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A Pool for All Seasons

Island Life

I don’t know about you, but I’m sick of my family at the moment, and since nothing of consequence is happening in that regard right now we will step back within the watery boundaries of this place until something of relative importance that is emanating from the northeast part of this country stirs my interest once again. Having departed the engulfment of emotions back there, I’ve settled into the surround of water here. Some might say these could be similar circumstances, as water and emotions can be seen as equals when viewed through the prism of  astrology and tarot. Being surrounded by water here affords one certain degrees of comfort and solitary introspection. In looking back at my recent time in New Hampshire, I felt best in the midst of laps at the college pool or while cycling past cascading streams or the flat and calm of a small lake or pond. Out here, one shouldn’t have to explain the feeling of being on, in or near the water. If you don’t happen to get it, a person who can give insight into being in the realm of water will be on Island this weekend. Lynne Cox of ‘Swimming to Antarctica’ fame will be speaking at the Vashon Theatre this Sunday from 1-3pm as a fundraiser for the Seals Swim Team. An amazing book- an amazing person. An experience not to be missed- admission by donation.

Many years ago I almost became an activist because of swimming, or perhaps I should say that I got my first taste of becoming active because of the lack of swimming at my high school. I was getting to the end of my days in the YMCA league that I swam in- aging up and out- and after my freshman year it looked as though my swimming days were done. As I recall, I had gotten wind of a teacher who was interested in coaching, so I went to talk with him about it and was told I needed to get names on a petition to show that there was interest at the school. I began to collect signatures, but then was whisked away to an interview at a private school and the rest was proverbial history. It was a rocky history of success and failure and because of that failure I enjoyed ten years of refusing to get in a pool. It was about a year after I first came to the Island that I read an article in the Seattle Times about Masters Swimming and I decided that my sore running ankles and knees needed a break, so I broke my boycott and got back in the pool. This was over at the University of Washington however, back when it was five bucks to drive back on the Island and the roads in between were still relatively vacant from the latter days of the Boeing bust.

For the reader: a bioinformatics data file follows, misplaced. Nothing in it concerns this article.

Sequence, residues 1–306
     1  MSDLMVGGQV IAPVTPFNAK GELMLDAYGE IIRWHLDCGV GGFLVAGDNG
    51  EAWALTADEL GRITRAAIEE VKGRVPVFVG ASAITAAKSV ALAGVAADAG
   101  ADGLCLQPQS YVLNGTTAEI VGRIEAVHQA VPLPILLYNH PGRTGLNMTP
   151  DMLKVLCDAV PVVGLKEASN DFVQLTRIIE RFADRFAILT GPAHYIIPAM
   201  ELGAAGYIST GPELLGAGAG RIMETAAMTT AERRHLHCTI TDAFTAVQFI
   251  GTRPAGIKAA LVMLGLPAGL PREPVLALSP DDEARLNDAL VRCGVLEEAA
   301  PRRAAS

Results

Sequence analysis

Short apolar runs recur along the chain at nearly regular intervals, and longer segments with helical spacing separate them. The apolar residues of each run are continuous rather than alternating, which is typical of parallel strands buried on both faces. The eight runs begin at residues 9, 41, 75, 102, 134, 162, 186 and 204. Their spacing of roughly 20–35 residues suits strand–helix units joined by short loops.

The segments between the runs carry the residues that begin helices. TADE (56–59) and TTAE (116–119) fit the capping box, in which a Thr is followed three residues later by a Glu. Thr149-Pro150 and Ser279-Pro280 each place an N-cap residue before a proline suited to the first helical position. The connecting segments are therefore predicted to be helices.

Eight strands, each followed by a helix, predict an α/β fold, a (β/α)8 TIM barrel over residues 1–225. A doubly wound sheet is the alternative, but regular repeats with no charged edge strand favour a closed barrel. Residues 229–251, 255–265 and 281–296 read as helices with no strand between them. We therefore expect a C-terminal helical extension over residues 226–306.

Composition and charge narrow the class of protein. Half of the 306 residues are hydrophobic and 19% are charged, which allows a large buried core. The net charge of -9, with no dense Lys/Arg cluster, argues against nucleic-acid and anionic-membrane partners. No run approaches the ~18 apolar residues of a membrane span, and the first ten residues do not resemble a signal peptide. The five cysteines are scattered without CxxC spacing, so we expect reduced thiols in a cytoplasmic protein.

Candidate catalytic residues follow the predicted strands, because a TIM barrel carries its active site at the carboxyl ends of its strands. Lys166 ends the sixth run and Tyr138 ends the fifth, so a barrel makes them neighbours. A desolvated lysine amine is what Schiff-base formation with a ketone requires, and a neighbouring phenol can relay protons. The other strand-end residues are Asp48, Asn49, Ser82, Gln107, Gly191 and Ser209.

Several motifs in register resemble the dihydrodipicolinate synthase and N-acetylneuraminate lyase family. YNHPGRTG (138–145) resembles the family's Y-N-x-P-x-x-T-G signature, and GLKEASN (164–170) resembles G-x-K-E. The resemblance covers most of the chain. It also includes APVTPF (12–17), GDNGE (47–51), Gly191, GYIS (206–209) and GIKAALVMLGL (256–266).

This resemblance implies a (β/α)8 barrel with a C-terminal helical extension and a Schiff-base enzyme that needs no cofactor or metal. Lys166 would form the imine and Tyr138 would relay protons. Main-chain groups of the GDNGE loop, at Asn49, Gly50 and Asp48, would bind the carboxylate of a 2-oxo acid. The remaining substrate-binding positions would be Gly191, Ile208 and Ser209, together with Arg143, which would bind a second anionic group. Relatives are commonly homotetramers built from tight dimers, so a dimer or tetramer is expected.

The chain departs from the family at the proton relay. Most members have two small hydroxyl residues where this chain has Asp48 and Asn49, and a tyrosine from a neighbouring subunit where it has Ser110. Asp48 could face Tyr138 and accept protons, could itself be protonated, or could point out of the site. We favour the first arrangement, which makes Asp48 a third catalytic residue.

It was around this time that the first real efforts were being made to get our own pool covered on the Island. This seemed like a no brainer to me, but since I was already deeply involved with the Masters elsewhere I did not get seriously involved- I will not however accept the blame for the pool not getting covered back then. As it is, and as I’ve learned since then, the desire to cover the pool has long been present here. From the Park District history talks given at Vashon Park District commissioners meetings by Ruth Anderson, to statements made by Commissioner Ameling on more than a few occasions about the most asked for Parks related actions by the Island populace, it has been made abundantly clear that there has long been an expressed desire here to cover the pool and make it a year ‘round facility. Why that hasn’t been done seems to be a function of the squeaky wheel theorem- that and the fact that the pool is not a grass playing field.

Following this spring’s backwash line debacle and near pool closure, a growing squeak has become audible from the wheels of certain members of the Island’s swimming community. Friends of Vashon Pool has been formed from the core members Shirit Yarkony, Mark Nassutti, Ann White and Barb and Bob McMahon. They have joined forces to investigate what the possibilities are for extending the season for using the Vashon Pool, with a long term goal of exploring what it would take to turn the pool into a full time facility. At a meeting last night at the library, a group of people ranging from coaches to lap swimmers to concerned parents and school district employees all shared ideas about where they wanted to see the pool change and grow in order to reflect the needs of the community.  If you would like to get involved, check out the Friends of Vashon Pool page on Facebook, and do come to hear Lynne Cox this Sunday at the Vashon Theatre. On this Island, how many other speakers do you ever expect to hear that would have no problem swimming here if that was the only option?